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Noah 5763-2002

“The Story of Noah–Fact or Fantasy?”

by Rabbi Ephraim Z. Buchwald

This coming week’s Torah portion, Parashat Noach, the famous “Flood story,” is a truly intriguing portion. Academic and scholarly literature speak of the story of the Flood as if it were a myth, or a fairy tale. From the Jewish perspective, it’s a fascinating narrative, replete with incredible insights, some of which I would like to share with you.

It is not at all surprising that many of the ancient Near East documents contain parallels to the story of the flood. Perhaps the most famous is the Babylonian “Epic of Gilgamish” which tells the story of a man named Utnapishtim. The gods decide to destroy the earth. There’s a great flood, and Utnapishtim, who is the favorite of one of the gods, Eau, is saved.

If there really was a flood that inundated the ancient Near East, quite a few striking parallels between the Epic of Gilgamish and the Torah’s story of Noah are to be expected, and yet, despite the parallels, the stories are profoundly different. In the Babylonian story, the gods arbitrarily decide to destroy the earth, as if humanity is a plaything. Furthermore, the gods choose to save Utnapishtim only because he’s a “favorite” of theirs–-not because he’s moral, righteous or deserving.

The Torah revolutionizes the Flood story, and adds what is most significant–-a moral element. It’s not that G-d arbitrarily decides to destroy the world, but rather that the world had become corrupt and self-destructive. Noah himself is an “Ish tzadik, Tamim” (Genesis 6:9)–a righteous person who was perfect in his generation. In fact, it says about Noah that he walked with G-d, “et Ha’Elokim hit’halech Noach” (Genesis 6:9).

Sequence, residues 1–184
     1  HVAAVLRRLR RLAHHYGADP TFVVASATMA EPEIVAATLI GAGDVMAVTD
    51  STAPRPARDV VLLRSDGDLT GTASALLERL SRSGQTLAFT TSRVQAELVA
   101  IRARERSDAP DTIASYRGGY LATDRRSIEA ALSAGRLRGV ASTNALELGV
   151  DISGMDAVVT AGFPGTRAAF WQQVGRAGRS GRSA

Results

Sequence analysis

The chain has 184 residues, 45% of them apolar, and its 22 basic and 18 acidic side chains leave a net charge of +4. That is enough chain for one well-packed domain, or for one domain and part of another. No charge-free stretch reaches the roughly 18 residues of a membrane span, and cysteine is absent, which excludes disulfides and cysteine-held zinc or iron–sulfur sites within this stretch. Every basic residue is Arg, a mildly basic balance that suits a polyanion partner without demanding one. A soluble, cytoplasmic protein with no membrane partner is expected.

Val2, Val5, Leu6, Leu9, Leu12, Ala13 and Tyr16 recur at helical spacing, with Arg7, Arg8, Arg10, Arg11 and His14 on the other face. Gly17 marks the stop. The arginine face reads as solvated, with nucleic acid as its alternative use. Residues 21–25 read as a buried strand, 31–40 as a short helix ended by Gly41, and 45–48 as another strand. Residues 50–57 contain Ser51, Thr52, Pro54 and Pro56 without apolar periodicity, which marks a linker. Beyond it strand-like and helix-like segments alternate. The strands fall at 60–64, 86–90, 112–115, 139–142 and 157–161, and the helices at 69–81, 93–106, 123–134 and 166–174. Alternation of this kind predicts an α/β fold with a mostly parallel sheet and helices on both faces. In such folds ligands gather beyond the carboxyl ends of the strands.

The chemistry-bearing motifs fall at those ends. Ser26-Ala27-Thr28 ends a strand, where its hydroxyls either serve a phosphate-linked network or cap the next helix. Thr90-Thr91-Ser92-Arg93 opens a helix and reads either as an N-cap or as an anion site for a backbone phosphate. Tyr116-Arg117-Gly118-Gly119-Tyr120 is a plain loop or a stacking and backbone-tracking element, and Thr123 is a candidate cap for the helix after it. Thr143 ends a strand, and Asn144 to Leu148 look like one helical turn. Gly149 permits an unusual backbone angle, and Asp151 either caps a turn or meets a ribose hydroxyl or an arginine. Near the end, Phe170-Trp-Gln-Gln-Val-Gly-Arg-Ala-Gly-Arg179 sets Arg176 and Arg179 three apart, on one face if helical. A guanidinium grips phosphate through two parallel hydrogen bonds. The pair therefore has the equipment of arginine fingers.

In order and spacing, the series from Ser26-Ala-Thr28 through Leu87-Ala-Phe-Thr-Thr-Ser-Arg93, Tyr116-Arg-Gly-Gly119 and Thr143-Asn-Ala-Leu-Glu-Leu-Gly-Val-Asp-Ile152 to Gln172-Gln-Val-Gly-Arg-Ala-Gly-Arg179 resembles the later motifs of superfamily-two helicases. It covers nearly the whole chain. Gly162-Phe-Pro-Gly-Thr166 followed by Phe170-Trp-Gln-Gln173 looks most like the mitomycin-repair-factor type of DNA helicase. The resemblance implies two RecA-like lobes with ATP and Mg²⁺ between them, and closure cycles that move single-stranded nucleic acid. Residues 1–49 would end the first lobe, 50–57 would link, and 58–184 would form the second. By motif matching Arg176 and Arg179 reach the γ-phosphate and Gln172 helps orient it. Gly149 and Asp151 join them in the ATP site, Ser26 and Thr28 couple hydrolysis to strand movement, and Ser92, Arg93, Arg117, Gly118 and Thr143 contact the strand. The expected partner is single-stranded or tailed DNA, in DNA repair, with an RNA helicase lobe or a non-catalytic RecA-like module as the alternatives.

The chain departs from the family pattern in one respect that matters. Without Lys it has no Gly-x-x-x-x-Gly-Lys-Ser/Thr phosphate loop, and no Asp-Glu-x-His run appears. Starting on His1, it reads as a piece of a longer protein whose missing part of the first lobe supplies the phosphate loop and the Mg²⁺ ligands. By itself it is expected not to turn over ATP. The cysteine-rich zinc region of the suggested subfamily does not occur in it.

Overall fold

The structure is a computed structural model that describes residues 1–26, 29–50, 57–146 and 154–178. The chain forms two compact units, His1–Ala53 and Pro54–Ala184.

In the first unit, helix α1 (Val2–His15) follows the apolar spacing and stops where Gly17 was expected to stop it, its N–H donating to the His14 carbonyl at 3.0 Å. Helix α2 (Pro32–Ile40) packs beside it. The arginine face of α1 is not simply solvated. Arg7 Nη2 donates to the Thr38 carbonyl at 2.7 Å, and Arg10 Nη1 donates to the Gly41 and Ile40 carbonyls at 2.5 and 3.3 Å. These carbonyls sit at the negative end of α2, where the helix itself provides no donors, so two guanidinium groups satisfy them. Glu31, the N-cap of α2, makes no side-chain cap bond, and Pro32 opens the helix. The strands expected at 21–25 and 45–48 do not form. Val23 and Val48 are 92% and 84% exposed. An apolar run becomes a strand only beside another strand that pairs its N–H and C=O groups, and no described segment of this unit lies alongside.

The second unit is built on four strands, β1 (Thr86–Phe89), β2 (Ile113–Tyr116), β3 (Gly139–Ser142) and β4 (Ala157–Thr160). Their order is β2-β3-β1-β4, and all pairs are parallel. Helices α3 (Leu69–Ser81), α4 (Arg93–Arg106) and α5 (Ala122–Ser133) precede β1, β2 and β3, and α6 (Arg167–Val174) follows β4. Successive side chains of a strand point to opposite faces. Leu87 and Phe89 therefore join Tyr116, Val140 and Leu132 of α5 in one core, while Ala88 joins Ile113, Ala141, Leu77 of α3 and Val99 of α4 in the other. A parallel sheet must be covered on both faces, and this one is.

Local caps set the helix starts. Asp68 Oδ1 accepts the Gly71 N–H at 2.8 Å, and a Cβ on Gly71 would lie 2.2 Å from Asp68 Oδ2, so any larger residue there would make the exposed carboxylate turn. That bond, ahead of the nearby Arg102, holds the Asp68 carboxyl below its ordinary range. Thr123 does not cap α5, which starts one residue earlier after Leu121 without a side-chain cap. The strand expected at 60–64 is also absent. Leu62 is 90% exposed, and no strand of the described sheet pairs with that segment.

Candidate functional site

According to the Midrashic tradition, Noah builds an ark for 120 years, to give the people a chance to repent. People pass by and ask, “Noah, what are you doing?” He replies, “I’m building an ark. The world is going to be flooded because of the evil deeds of the people.” Noah enters the ark with his wife, his three sons, and his daughters-in-law. Once they are inside the ark, G-d waits an additional seven days before bringing the waters of the flood. Again, a delay, to give the people an additional opportunity to repent. And even when it begins to rain, the Torah tells us, “Va’yeh’hee ha’geshem al ha’aretz(Genesis 7:12), implying that the rain started to fall lightly, indicating that G-d would have reversed his decision and stopped the flood, had the people only repented, but they did not!

It rains for 40 days and 40 nights. Meanwhile, Noah has to care for all the animals that were on the ark. Although the rain stops after the 40 days, Noah, in fact, has to wait a full year for the earth to dry.

The earth is now dry, and Noah’s remarkable inaction is recorded in the Torah. After caring for all the animals for a full year, feeding them, cleaning them, living with elephants, bulls and orangutans, (you can imagine what it must have been like)–after a full 365 days have passed, G-d says to Noah (Genesis 8:15-16), “Tzay min ha’tayvah,” “Noah get out of the ark, you and your wife, and your sons and your daughters-in-law.” Can you imagine, after being cooped up in the ark, the horrible and smelly ark, for a full year, G-d has to tell Noah, “Tzay min ha’tayvah!” Get out of the ark?! Most people would have been jumping out of their skins to get out of the ark, but Noah is hesitant to leave!

Eli Weisel, the great writer/philosopher, offers a revealing insight to explain Noah’s behavior. He suggests that Noah is really the first “survivor.” After all, the world had experienced a Holocaust, and Noah was reluctant to leave the ark because he knew that the entire world was, in effect, one huge graveyard. If Noah would walk on the earth, he would be treading upon the remains of his neighbors and friends, and he simply could not face that fact.